Another dividend of this whole, drawn-out process is that I get to enjoy some of the elements in other dishes over the five-day period. Here are the photos along the way.
Four breads, baked in three different custom-made Breadpots by Judith Motzkin, providing delicious, healthy, vegan meals.
Okay, now that we’ve shown in the previous post how to roast and peel sweet peppers, the question is, “what do we do with them?”
Fortunately, I felt a need for a late night snack tonight, and I am happy to share my answer to the question. Here’s the photo, followed by the narrative.
I was at the tail end of the last sourdough bread loaf from last week, so I trimmed the harder crusts and sliced 4 pieces of bread. These were sautéed in olive oil on both sides. When nice and crisp, I topped two of them with slices of Trader Joe’s Goat Milk Brie cheese, and then added the sliced sweet peppers with capers. Next, I topped the other two slices with a Ligurian olive paste, made from Taggiasche olives, and then added the rest of the sliced peppers. A generous sprinkling of sea salt crystals from Ibiza and freshly-ground black pepper from Costa Rica completed the dish.
Now for the finale. The last few weeks have been unusual in that I’ve been drinking less wine, and even enjoying it less when I do drink. Still, I had an open bottle of a 2016 Saumur Champigny Rouge — a Loire Valley Cab Franc, so I poured some into one of my favorite French glasses. The results were marvelous. Just hit the spot. The only thing missing, I think, was to have rubbed a little raw garlic on the toast, before the toppings. Next time. There’s always room for improvement.
I’ve been roasting and peeling sweet peppers for at least 40 years in my cooking career, so I thought I had the methodologies down pat. They included grilling them until well-charred on the gas grill, roasting them whole or cut in half vertically in a very hot oven, or broiling them on high heat in a similar manner. In all of these, the peppers are washed and dried and cooked with oil, so the skins will char and peel easily. Ha! Think again — there is another way, and I found I really like the results.
I was perusing one of my seldom-used cookbooks the other night (Lidia Bastianich’s Lidia Cooks from the Heart of Italy), and I was intrigued by the Farro and Roasted Pepper Sauce recipe. Here’s her technique:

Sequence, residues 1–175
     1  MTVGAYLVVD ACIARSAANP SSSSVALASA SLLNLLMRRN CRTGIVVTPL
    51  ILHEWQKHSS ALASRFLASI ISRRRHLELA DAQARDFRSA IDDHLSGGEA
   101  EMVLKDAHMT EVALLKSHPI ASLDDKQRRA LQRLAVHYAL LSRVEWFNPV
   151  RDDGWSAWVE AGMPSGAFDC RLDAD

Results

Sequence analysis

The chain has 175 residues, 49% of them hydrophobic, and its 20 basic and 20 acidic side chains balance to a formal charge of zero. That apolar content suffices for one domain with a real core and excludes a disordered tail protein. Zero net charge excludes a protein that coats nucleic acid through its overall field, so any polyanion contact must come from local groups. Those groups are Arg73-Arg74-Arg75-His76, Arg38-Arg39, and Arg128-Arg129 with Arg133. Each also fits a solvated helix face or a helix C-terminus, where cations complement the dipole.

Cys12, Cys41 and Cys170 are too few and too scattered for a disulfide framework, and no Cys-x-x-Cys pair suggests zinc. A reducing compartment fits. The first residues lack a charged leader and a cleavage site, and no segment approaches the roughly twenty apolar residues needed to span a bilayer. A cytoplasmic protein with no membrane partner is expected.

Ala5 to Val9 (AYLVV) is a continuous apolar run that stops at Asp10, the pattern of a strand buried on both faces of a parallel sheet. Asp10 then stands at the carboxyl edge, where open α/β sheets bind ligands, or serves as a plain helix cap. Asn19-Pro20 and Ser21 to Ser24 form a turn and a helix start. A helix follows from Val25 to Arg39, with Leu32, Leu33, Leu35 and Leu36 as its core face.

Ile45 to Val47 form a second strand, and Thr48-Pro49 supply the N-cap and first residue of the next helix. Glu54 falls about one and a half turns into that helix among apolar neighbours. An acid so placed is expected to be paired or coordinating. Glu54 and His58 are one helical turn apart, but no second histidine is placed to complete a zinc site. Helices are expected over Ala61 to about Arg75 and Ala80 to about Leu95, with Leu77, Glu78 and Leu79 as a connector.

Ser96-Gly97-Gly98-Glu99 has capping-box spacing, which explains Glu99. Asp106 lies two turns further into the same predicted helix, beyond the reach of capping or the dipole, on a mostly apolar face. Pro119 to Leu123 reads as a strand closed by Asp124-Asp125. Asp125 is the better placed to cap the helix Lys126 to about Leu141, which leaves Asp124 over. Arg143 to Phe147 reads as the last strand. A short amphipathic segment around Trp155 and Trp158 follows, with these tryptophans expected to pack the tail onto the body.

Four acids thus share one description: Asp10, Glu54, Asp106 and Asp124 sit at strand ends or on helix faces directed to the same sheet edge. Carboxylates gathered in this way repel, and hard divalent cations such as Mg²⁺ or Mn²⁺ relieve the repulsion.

“Preheat the oven to 350º F. Rub the peppers all over with 2 tablespoons olive oil, season with 1/2 teaspoon of salt, and place on the parchment-lined baking sheet. Roast for 30 minutes or so, turning the peppers occasionally, until their skins are wrinkled and slightly charred. Let the peppers cool completely….. Peel the skin off the cooled peppers, and then slice (as desired)”
It worked beautifully. The peppers peeled much more easily than with other methods. No small pieces of charred skin on everything. No wads of paper towels used in the skinning process. And perfectly tender texture in the finished peppers.
I love eggplants. When done properly, they are extremely satisfying. We cook them often, so I am always on the lookout for new favorites to add to our repertoire. Yesterday, I tried a Moroccan Eggplant-Olive Tagine that made the grade.
As I’m sure you know, Tagine is both a clay pot and the name of dishes made in those pots, as well. We do have a small tagine, which is rarely used. I found it on a shelf under the stairs in our house, and that inspired me to try this recipe.
After assembling all the ingredients and doing the prep work, I agonized over the question of whether or not to use my tagine, or to make it in another saucepan. Authenticity suggested the tagine, but its small size and the fact that I was unable to locate the heat diffuser we used to have to ensure that the pot did not crack when placed directly over our gas burner — these drawbacks convinced me not to risk it. I will not recover the 27 minutes I spent looking for the diffuser all over the house, but c’est la guerre.
It all came together smoothly, and it was ready to eat in less than 45 minutes. I chose to serve it with quinoa (as recommended above), which I enriched with wild rice I had cooked earlier in the day. We now have a new favorite eggplant dish.